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Council tax in Monmouthshire could increase by 7.5%

COUNCIL tax in Monmouthshire could rise by 7.5 per cent this year – which would deliver an extra £5.4 million towards a £21.9m budget shortfall. 

For households that would mean those living in a band D property would have to pay an extra £117.35 from April which the Labour-led cabinet has said works out at a £2.26 per week increase. 

That current £1,564.66 band D charge, for county council services which doesn’t include additional payments to local town or community councils and Gwent Police, would rise to £1,682.01. 

The council estimates 64 per cent of households will have to pay the charge in full with the remaining 36 per cent benefitting from some form of reduction. 

A report to the cabinet by the council’s chief finance officers is clear that the council isn’t receiving enough money to continue to fund all the services it currently does and states: “This year, the choices are stark: our funding will not cover all the services we provide in their current form.” 

In addition to raising council tax it is also planned to make £8.4m in cuts and changes to services though the cabinet is promising savings to social care, homelessness, and children’s additional learning needs will be made with “careful consideration” to “minimising impact, and prioritising support for those in greatest need”. 

The report states: “Services that are available to residents this year will be available in 2024/25. Waste collections will remain the same. Leisure centres, recycling centres, libraries and community hubs are all remaining open.” 

The cabinet is due to agree its draft budget when it meets on Wednesday, January 17 and it will be subject to a four week consultation, closing on February 15 by which time it says it will also need to receive any alternative proposals. That is so they can be tested against future generation and an equality impact in time for the full council meeting on February 29 which will be asked to agree the budget. 

Consultation meetings will be held across the county and people can also take part in online meetings and complete a survey while council committees will look at the proposals in detail. 

Cuts and the council tax increase will account for £13.8m of the shortfall which is reduced by a further £6m due to the 2.3 per cent increase in the council’s funding from the Welsh Government, which is worth £2.68m in cash terms, a reduction in energy and borrowing costs, and plans to raise an extra £800,000 through increasing discretionary fees and charges, including a 10 per cent rise in parking and permit charges and increased trade waste fees. 

Of the £8.4m cuts the biggest reduction will be in the social care and health directorate whose budget will be slashed by £4.7m while the children and young people budget will reduce by £1.617m. 

Among the proposed cuts are the withdrawal of the remaining £39,000 the council provides to the Gwent Music service – after it more than halved its funding last year but a hardship fund will be maintained. 

The childcare costs for youngsters attending school breakfast clubs will also double to £2, another increase revived from last year’s budget, though the breakfast itself is free. 

Households will also have to pay for food waste bags, which are currently provided for free, but will be charged “at cost” while garden waste collections charges will increase by 10 per cent, in line with a decision made last February to recover the full cost of the service.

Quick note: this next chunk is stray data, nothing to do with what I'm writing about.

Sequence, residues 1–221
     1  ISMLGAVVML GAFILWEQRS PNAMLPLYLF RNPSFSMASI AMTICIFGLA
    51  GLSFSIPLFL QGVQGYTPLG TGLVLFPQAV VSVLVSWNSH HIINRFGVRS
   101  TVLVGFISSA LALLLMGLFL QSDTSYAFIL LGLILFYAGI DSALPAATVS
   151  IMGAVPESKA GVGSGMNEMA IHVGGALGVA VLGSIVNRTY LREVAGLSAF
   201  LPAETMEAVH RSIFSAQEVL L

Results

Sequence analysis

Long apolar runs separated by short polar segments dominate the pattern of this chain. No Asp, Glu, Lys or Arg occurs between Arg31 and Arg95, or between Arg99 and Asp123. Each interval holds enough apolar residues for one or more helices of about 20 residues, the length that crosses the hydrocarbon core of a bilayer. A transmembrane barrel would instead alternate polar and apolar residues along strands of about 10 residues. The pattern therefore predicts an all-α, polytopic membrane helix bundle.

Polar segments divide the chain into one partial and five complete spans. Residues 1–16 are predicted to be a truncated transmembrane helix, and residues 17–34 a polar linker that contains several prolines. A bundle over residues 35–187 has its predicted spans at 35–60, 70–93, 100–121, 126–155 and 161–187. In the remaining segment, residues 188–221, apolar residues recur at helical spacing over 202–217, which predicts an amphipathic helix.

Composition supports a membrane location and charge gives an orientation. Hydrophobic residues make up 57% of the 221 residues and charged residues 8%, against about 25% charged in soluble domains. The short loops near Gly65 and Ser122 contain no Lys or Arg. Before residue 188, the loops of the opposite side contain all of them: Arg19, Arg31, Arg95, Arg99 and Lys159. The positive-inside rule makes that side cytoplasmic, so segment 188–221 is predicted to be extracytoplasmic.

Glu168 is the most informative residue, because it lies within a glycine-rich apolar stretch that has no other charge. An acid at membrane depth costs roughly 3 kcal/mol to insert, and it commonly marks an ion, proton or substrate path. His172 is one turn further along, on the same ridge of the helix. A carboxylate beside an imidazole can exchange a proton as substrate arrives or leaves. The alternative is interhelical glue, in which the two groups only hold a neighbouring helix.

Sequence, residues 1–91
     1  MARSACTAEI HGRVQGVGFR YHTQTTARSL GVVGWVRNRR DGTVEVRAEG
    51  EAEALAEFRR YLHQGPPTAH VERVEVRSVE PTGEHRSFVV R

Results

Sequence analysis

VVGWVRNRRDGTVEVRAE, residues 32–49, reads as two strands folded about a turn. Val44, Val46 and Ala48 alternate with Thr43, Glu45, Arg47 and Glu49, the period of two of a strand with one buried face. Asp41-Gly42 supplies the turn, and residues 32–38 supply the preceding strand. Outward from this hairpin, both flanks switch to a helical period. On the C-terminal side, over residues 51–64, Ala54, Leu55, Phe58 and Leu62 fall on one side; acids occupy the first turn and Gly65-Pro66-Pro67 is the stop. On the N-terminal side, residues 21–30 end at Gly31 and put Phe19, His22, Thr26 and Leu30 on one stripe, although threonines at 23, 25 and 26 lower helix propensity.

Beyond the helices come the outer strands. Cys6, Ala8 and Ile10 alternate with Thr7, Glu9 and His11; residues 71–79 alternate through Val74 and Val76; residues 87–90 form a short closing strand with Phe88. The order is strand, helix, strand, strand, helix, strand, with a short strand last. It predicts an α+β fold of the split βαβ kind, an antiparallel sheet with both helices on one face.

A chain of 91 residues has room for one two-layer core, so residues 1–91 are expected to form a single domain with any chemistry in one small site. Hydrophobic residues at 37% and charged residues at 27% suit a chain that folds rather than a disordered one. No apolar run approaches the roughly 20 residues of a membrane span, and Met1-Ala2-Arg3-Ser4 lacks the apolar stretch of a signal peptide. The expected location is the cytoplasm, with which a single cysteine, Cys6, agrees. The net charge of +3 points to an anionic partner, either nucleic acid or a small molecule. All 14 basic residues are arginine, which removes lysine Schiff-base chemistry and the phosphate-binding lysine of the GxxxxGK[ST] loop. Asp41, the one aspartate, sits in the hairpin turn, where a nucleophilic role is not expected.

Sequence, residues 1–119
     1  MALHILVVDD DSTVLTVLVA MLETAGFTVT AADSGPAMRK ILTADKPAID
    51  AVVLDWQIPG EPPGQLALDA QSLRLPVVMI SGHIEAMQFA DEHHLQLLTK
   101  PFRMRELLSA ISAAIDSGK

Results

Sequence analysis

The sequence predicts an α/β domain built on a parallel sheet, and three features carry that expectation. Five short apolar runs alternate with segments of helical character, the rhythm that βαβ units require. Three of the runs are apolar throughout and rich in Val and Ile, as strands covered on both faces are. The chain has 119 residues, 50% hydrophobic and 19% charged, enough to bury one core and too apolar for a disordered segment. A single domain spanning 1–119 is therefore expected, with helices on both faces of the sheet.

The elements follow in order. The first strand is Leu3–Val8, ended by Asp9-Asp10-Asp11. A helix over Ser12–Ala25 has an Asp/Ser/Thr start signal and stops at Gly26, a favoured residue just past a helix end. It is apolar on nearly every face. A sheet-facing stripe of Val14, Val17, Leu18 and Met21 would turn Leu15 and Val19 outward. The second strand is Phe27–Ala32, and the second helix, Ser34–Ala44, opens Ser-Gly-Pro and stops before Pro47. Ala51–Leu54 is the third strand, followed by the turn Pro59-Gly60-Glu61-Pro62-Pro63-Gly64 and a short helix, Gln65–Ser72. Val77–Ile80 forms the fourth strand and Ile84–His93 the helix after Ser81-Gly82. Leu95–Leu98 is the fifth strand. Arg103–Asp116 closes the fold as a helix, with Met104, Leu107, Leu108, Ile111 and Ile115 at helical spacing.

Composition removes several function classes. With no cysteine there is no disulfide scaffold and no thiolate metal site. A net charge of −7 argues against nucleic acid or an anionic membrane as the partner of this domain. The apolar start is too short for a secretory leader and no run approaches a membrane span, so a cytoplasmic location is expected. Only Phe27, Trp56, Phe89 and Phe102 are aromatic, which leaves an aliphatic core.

It’s also planned to close two museums for an additional day a week, Tintern Old Station would also close on Mondays from April, other than the four bank holidays, while leisure centres could close at 9.30pm during the week and at 4.30pm on weekends. 

There is also uncertainty over the future of the Gilwern outdoor education centre with the cabinet proposing to save £70,000 by moving “to a more sustainable model for the outdoor adventure service”. 

Funding for schools is to increase by 2.5 per cent but it is acknowledged the council cannot “fully fund” inflationary costs and they will still have to make efficiency savings while the council hopes to reduce additional learning needs costs by reducing out of county placements through more use of local schools and support. 

Changes in adult social care include a reduction in some services, reviewing care packages and increasing the £100 a week charge for those receiving non-residential care by £20 if an all-Wales charging cap is lifted, though it would still be subject to an individual financial assessment. 

It’s planned to use £2.8m of capital receipts – that is the money received from the sale of council assets – to fund revenue costs associated with what are called “organisational change” or the restructuring of services to make savings. 

But the cabinet says it is sticking to its plan not to make one-off raids on reserves to support day-to-day spending in 2024/25, with some £5m from the rainy day fund and asset sales having been used to prop up the current budget.  

Only £500,00 will be used from reserves this year for one off expenditure to support the production of the long term planning policy, the Local Development Plan, and previously allocated funding to support Ukrainian refugees. 

Changes proposed that could lead to additional start up costs include a review of home to school transport which could see the council bring all routes using vehicles with eight seats or fewer in house while its also planned to raise an extra £3,000 by increasing the cost of concessionary seats on home to school transport by 10 per cent.

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